Jolie Is Spice of 'Salt'
Kathleen Murphy, Special to MSN Movies
"Dream a little dream with me." Really, isn't that every movie's invitation? Even in our numbed-up, media-saturated state, most of us still feel that tickle of anticipation when we go into the dark: What new world will we visit? What magic will we see? Will we be carried away from our everyday into something more resplendent than reality to ... dare I say it? ... some transformative truth?
A movie like "Inception" invites you to feel smart about celluloid dreams, by pretending to go deep while fishing in the shallows. In contrast, "Salt," Angelina Jolie's latest flight into fantasy, never promises that running the maze, riding the roller coaster, will be anything more than a mindless, hyperkinetic gas. It's practically a template for the one and only dream-machine Hollywood's making these days. The story is preposterous, there isn't an ounce of sense in the whole enterprise -- just an evening's outing on a bullet train in the sexy company of Wonder Woman.
Tom Cruise once eyed "Salt" (then titled "Edwin A. Salt") as a possible showcase for his particular brand of muscular heroics. He opted instead for "Knight and Day," that easygoing, over-CGI'd romp about a wrongly accused spy. Sound familiar? "K&D" derived much of its fizz from Cameron Diaz, who occasionally juiced her co-star out of Cruise-control.
So the CIA super-star fingered as a sleeper spy by a Russian defector (Daniel Olbrychski) is, happily, Lara Croft, not Ethan Hunt. Within minutes of the out-of-the-blue accusation, the improbably blond-tressed Salt goes rogue -- to prove her innocence or to follow those buried orders to assassinate heads of state? We are encouraged, but never really persuaded, to wonder. What follows are chases (smartly choreographed without overreliance on CGI), punctuated by brief time-outs. This is "Salt's" uncomplicated but craftily manipulated rhythm, the beat to which the elegantly long-limbed actress moves with fierce, single-minded ease.
You might say director Phillip Noyce, who made a young Jolie shine in "The Bone Collector" (1999), has turned "Salt" into a movie about being a movie star, about gorgeous Angelina Jolie dressing up and down, working up a sweat, displaying her exotic self for our voyeuristic pleasure. Jolie's our dreamgirl, the distaff version of "Inception's" Leo DiCaprio. "Salt" opens with a taste of torture-porn: North Korean sadists pouring water down the nearly naked lady's throat. (Seems odd, with the splendor of Jolie's writhing body laid out before them, that her throat would hold such allure -- but maybe I've got "Eyes Wide Shut" on my mind.)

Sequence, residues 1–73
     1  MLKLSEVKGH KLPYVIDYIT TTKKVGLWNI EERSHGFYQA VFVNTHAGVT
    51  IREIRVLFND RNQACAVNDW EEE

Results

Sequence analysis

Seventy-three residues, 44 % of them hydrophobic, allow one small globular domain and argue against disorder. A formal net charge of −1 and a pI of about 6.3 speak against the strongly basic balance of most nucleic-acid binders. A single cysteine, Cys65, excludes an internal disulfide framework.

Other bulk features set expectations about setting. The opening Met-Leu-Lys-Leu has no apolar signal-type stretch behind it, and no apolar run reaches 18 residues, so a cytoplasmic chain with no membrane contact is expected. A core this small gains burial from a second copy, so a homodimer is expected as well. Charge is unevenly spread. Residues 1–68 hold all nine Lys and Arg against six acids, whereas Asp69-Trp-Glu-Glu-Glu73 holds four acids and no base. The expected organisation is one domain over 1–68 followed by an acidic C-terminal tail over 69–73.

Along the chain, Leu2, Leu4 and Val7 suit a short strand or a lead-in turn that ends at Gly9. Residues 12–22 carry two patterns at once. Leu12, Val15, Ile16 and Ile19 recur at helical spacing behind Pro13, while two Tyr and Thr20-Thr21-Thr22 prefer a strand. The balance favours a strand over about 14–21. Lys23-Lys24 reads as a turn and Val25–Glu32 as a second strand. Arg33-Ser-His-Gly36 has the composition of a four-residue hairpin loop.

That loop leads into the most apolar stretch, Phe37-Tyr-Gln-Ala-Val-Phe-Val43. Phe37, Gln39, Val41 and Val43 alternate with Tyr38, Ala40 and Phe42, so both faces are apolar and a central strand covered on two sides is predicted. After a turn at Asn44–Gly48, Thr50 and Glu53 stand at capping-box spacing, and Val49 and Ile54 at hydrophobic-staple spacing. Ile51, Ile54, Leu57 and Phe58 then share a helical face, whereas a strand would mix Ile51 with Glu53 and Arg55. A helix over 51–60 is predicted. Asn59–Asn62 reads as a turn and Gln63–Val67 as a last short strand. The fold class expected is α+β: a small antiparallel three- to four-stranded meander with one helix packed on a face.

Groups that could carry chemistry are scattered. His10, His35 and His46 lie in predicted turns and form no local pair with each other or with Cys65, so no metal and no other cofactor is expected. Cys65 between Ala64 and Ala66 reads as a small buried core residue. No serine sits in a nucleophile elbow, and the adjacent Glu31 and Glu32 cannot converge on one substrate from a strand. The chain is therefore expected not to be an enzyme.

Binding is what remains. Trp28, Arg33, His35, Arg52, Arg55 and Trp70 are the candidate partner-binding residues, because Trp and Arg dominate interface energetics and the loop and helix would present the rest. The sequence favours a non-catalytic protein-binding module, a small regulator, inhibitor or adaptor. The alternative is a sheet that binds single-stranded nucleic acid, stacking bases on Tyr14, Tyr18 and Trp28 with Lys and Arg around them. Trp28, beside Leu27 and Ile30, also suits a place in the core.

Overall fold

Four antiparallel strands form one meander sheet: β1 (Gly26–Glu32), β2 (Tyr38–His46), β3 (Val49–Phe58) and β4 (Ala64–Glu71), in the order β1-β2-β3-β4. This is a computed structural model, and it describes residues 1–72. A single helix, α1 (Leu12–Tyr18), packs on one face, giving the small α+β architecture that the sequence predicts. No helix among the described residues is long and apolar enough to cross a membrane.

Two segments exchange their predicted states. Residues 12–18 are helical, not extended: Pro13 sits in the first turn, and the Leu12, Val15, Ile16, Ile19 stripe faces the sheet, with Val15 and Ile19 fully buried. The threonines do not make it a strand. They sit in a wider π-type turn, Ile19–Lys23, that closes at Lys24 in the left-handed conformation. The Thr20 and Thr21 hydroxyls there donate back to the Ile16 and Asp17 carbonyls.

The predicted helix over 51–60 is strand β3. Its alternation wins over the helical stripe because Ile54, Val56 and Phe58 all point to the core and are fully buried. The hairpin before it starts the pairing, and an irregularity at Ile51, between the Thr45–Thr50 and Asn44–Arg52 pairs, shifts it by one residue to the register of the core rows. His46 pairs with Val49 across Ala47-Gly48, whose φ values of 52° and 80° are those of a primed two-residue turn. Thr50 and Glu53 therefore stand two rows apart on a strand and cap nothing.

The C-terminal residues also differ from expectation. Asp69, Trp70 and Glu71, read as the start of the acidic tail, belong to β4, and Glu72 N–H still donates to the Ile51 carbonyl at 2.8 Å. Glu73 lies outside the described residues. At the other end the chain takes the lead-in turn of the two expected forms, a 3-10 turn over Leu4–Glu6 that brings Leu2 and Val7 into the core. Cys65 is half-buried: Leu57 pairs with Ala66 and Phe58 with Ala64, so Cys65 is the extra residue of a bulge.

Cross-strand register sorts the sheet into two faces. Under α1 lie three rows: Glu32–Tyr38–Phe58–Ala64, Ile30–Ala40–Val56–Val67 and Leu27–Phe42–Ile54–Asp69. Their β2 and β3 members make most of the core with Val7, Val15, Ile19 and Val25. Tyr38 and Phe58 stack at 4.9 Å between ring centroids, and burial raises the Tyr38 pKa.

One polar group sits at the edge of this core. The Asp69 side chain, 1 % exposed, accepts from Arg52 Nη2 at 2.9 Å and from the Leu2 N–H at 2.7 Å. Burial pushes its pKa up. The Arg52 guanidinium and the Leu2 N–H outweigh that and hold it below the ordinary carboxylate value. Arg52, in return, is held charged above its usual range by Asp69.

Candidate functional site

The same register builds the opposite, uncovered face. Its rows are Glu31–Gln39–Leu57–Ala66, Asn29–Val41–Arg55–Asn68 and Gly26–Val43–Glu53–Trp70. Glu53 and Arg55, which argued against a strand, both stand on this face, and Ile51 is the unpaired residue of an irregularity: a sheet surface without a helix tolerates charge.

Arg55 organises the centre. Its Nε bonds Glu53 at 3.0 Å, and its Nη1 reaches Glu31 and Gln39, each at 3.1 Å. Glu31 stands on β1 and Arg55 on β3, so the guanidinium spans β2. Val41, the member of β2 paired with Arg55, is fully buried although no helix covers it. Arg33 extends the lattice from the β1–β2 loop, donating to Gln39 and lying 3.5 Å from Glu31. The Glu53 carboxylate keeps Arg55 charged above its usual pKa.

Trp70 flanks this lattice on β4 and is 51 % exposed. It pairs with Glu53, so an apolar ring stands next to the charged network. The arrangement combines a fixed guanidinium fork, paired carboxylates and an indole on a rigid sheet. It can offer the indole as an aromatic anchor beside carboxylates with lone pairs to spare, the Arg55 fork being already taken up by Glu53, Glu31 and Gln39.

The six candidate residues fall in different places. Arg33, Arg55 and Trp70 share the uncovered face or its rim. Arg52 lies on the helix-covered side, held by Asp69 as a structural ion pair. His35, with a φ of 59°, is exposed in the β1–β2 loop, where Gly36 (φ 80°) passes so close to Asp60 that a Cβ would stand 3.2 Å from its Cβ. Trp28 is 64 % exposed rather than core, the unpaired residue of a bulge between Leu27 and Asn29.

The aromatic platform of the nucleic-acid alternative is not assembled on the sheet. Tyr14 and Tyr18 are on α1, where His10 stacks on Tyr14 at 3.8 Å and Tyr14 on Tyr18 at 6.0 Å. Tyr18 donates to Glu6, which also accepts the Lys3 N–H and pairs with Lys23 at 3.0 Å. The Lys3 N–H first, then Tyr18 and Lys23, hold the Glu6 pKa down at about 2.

But the scene's meant to prove this Amazon can take any punishment the movie's men can dish out -- and believe me, the physical abuse visited upon her is the stuff of comic books (WHAM! POW! CRUNCH!) or dreams. Lots of males get offed in "Salt," but it's the woman on the run whose body bleeds, bruises, absorbs blows ... extravagantly. Talk about your sado-erotic fantasy -- Jolie not only runs the maze of a low-grade generic thriller, but a movie-made gauntlet, her inhuman beauty endlessly ruined and perfectly restored. (At one point, our Manchurian Candidate is even stripped of her gender, transformed into a perversely unattractive male.)
When blond Salt goes dark, it's not just a matter of dyeing her hair. Undercover, the star becomes even more of a fantasy figure, a little bit Natasha of Bullwinkle fame, a little bit Morticia Addams, a little bit Bettie Page, with a soupçon of gaunt-cheeked fashion mannequin thrown in for good measure. That this dreamboat could stand in a subway or move through a crowd without causing anyone's head to turn -- or explode -- is part of the unapologetic nutsiness of "Salt's" anti-reality.
Walking away from yet another over-the-top pursuit, our bat out of hell casually boosts a fur hat -- and moments later, Salt's swathed in a Vogue-style outfit trimmed in the same fur, action figure become high-fashion model. How? Irrelevant; it's magic. Not much later, Jolie regally walks a runway -- on a derelict East River barge -- in slow motion, gracefully lofting grenades left and right, death with a Mona Lisa smile.
I can't think of another actress who could drive, with such authority and credibility, an engineless vehicle like "Salt." Arrant nonsense, with little organic mystery or sense of danger, the film is totally jacked into Jolie. (Even the movie's much-touted "twist" is telegraphed from the get-go.) While excellent actors Liev Schreiber and Chiwetel Ejiofor are consigned to standing around with their minions watching Lady Rambo's depredations, Jolie plays the hell out of her action persona, so that we can't help but buy into her single-minded resourcefulness, her absolute fearlessness. The film's aptly named: without her Salt, it would have no flavor at all.
Kathleen Murphy currently reviews films for Seattle's Queen Anne News and writes essays on film for Steadycam magazine. A frequent speaker on film, Murphy has contributed numerous essays to magazines (Film Comment, the Village Voice, Film West, Newsweek-Japan), books ("Best American Movie Writing of 1998," "Women and Cinema," "The Myth of the West") and Web sites (Amazon.com, Cinemania.com, Reel.com). Once upon a time, in another life, she wrote speeches for Bill Clinton, Jack Lemmon, Harrison Ford, Joe Pesci, Robert De Niro, Art Garfunkel and Diana Ross.